Henry Howard Classic
Famed architect designed this royal residence
The 20-by-40-foot ball room features fine antiques and accessories.
Cheryl Gerber Photos
The home of Andrea and David Bland is a jewel in the historic Garden District. The architecture of the 1859 mansion is attributed to Henry Howard, a leading architect of the time.
Filled with fine antiques that have been handed down by ancestors of the couple, it’s a true showcase in a neighborhood known for grand mansions. “We were drawn to the house because of its inherent beauty,” says Andrea, head of Cygnette, a real estate development company that specializes in restoring significantly important historic homes in New Orleans. “It was a preservationist’s dream with almost no modifications made to it. Although most of the original elements to the 6,500-square-foot home were preserved, it was in dire need of restoration.” She smiles when she tells that they received a sack of large brass skeleton keys from its previous owners for the original mortise locks that were still in place on all the original 42 doors. “When this house was built it was state-of-the-art, with beautiful huntsman gasoliers that are now hung in the new family room. Even eight of original marble mantels were still in perfect condition when we purchased our home.”
Andrea is well known in preservation circles, having received the “Preservationist of the Year” award for Louisiana for 2013, and the “Garden District Association Renovator of the Year” designation for ’13 and ’16. She did a meticulous renovation of their prior stately mansion on Sixth Street just blocks away before falling in love with their current home and taking on yet another enormous preservation project. “Since we have designated this our ‘forever’ home, we also added a new addition to the rear where we demolished a 1974 townhouse to restore the original lot and create a beautiful garden,” she says. “Sarah Stehil Howell and Ivan Mandich, our architects, did a great job, as did Dragan Segvic, our prime contractor. The final design created a new kitchen, added an onyx bar, a family room and a circular freestanding stairway in the elliptical opening to the second floor.” It is definitely the new gathering place for the Bland family, which includes their adult children David Jr. and James Elwood “JEB” Butterfield and Rachel, along with five Cavallier King Charles Spaniels: Millie, Rex, Saint, Daisy and Buckley.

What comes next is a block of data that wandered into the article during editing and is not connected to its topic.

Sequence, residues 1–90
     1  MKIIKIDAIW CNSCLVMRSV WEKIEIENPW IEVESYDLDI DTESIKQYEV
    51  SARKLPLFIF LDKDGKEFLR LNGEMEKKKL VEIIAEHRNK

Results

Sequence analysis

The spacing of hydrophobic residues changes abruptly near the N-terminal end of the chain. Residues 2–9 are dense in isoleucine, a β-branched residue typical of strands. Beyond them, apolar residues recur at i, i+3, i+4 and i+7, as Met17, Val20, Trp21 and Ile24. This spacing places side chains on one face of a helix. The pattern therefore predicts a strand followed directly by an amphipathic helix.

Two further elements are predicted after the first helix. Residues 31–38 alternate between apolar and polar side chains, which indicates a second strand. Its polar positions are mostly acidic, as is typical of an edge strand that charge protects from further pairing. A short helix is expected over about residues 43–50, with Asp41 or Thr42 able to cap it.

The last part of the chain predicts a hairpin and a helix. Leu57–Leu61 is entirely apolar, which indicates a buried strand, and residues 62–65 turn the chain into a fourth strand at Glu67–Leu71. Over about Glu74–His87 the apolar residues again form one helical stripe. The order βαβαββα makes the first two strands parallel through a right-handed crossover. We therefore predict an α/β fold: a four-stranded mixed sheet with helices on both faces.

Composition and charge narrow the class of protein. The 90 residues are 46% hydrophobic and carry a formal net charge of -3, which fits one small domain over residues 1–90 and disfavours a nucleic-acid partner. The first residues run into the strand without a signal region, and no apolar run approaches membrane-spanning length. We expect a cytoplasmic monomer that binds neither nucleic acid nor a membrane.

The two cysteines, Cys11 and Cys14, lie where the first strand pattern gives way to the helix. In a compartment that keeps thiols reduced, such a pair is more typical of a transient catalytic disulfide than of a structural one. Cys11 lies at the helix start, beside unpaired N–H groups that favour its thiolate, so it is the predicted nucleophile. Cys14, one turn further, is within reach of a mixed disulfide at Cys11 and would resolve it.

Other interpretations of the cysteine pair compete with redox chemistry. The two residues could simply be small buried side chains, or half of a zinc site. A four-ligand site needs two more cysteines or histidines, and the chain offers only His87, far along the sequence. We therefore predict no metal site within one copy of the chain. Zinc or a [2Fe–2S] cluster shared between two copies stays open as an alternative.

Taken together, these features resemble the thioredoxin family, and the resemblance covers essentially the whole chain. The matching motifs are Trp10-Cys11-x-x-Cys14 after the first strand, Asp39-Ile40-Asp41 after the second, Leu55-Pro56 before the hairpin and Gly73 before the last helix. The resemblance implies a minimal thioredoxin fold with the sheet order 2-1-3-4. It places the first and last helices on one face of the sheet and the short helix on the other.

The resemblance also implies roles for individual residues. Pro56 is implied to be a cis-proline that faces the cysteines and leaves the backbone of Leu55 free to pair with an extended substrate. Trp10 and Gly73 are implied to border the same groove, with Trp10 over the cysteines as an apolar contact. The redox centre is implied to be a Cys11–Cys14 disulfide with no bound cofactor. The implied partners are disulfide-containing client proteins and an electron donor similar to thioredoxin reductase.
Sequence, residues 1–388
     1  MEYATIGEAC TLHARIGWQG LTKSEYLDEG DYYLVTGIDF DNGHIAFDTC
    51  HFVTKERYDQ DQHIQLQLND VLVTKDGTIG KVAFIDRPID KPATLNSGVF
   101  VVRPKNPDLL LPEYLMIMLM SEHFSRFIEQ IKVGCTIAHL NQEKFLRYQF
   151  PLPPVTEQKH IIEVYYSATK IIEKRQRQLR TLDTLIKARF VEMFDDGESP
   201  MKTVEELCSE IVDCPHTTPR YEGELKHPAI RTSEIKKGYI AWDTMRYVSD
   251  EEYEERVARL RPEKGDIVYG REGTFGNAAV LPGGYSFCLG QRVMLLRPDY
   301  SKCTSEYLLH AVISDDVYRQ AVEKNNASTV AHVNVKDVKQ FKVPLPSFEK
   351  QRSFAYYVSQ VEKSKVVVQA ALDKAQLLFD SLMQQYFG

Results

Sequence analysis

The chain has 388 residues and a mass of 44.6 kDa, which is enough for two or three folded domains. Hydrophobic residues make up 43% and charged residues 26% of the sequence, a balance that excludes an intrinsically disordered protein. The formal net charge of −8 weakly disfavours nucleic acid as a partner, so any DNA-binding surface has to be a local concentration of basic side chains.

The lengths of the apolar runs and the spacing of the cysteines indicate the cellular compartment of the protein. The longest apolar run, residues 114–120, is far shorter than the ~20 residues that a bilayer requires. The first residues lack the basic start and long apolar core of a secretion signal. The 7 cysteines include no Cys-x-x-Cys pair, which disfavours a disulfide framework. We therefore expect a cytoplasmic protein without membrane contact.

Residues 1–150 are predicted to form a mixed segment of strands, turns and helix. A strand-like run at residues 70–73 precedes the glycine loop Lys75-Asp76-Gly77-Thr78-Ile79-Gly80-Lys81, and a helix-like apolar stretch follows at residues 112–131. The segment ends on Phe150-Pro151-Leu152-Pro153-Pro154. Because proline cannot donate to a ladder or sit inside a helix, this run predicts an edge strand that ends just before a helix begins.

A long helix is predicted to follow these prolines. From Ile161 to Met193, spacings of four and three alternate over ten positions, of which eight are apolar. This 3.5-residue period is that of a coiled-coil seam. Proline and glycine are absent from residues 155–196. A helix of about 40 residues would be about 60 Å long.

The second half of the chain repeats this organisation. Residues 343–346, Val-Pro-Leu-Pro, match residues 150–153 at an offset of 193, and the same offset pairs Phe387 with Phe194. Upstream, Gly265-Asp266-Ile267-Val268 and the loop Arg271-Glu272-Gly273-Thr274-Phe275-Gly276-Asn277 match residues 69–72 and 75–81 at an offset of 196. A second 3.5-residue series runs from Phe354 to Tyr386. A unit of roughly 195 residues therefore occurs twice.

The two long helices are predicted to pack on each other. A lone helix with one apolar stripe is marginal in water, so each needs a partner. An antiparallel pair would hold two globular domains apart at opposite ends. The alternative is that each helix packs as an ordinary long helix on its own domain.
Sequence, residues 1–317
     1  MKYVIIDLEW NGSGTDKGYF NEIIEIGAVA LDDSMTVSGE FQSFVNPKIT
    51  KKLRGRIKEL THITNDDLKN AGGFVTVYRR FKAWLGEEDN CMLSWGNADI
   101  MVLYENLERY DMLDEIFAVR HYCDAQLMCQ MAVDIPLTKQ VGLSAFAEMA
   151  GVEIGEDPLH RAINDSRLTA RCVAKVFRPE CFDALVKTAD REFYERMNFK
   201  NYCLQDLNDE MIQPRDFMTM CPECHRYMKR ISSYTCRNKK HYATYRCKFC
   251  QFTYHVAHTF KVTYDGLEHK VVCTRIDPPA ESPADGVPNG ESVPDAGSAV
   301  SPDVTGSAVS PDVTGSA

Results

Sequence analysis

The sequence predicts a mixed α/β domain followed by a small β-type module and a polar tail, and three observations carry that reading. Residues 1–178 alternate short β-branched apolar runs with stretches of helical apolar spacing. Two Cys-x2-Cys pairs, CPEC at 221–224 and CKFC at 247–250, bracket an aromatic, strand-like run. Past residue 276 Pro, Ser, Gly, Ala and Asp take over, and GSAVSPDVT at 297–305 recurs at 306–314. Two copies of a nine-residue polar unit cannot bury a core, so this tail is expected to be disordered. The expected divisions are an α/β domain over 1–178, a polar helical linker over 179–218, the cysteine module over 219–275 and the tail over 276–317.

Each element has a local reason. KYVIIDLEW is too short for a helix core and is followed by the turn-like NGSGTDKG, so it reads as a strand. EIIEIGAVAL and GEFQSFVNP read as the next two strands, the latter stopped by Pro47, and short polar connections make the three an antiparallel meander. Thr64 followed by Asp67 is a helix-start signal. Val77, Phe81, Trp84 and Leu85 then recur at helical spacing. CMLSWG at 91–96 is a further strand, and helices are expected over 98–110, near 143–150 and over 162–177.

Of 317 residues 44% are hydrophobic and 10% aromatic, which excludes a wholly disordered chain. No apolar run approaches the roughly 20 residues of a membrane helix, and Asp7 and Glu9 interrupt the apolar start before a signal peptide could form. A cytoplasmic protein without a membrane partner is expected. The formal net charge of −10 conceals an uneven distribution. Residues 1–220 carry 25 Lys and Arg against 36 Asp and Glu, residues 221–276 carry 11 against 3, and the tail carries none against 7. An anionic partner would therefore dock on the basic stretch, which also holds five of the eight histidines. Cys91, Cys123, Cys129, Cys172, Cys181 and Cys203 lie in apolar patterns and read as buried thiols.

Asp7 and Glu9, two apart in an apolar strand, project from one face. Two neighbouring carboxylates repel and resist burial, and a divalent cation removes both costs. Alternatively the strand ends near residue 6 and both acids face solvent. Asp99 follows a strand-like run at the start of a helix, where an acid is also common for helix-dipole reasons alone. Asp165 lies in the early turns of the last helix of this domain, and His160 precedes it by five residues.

A handsome porch was added across the back of the home, with a new pool that showcases the tile art of Enzo Ghenos, from Tuscany, Italy. He also designed the tile backsplash behind the stove in the kitchen that was inspired by a 16th century painting by Vincenzo Campi called “La Cucina.” It portrays Andrea with a bunch of persimmons for luck, as well as portraits of beloved dogs Daisy and Buckley.
The Blands commissioned artist Luis Colmenares to design the eight metal chairs for the porch table. “We think the chairs are a wonderful addition and we love that each chair back is adorned with a different flower from our garden,” she says. Colmenares also designed the metal arched rose trellises in the garden. A favorite new feature of the couple is the side rose garden that was designed by landscape architect Byron Adams in collaboration with rose experts Eddie and Sue Sanchez.
David’s favorite space is his office. “I rise early and my office is always cozy and welcoming,” says the attorney with his firm Bland & Partners. “I start my day with music, a cup of coffee and at least one of our dogs.”
For Andrea, her favorite space is the 20-by-40-foot ballroom. “I feel great pride in its restoration, which I undertook personally on scaffolding with a small team of plaster artisans and artists,” she says. She also provides information about some of the New Orleans Carnival portraits and proclamations adorning the walls of their home, including their daughter Rachel, who served as queen of Twelfth Night in 2011, and the participation of more than a century of noted Rex royalty, including David’s great-grandmother Ella Sinnott, the 1893 Queen of Carnival; his grandmother Dorothy Clay, Queen 1921; and his mother Henriette Vallon, who carried on the tradition by being named Queen in ’47. Both Dorothy and Henriette also reigned as Queens of Twelfth Night, thus opening and closing the Carnival Season. Also George Clay, David’s great-grandfather, ruled as Rex 1912.
While David’s lineage to Mardi Gras royalty is proudly displayed in the home, he’s quick to mention other members of his family who have been in the Rex Court. “Will and Clay, my brothers, and Peter and Scovie Martin, my cousins, all agree that our grandmother Dorothy Clay would love her new place of honor as her life-sized portrait hangs over the mantel in our ballroom,” he says. “We all shared many dinners in her home under her portrait that hung in a similar place of honor above the same dining room table with the very chair covers she needlepointed by hand.”
David and Andrea Bland with their Cavallier King Charles Spaniels: Daisy, Rex, Saint, Millie and Buckley.
Built in 1859, the design of the mansion is attributed to noted architect Henry Howard.
A new kitchen was added during the renovation and addition to the back of the house.
Metal artist Luis Colmenares designed the chairs for the back porch table.
The unique backlit onyx bar features handblown glass and metal pendant lights made by glass artist James Vella and metal artist Luis Colmenares.
Architects Sarah Stehil Howell and Ivan Mandich are credited with designing the new freestanding stairway added in the renovation and new construction of the rear of the house.
Italian artist Enzo Ghenos designed the tiles behind the swimming pool.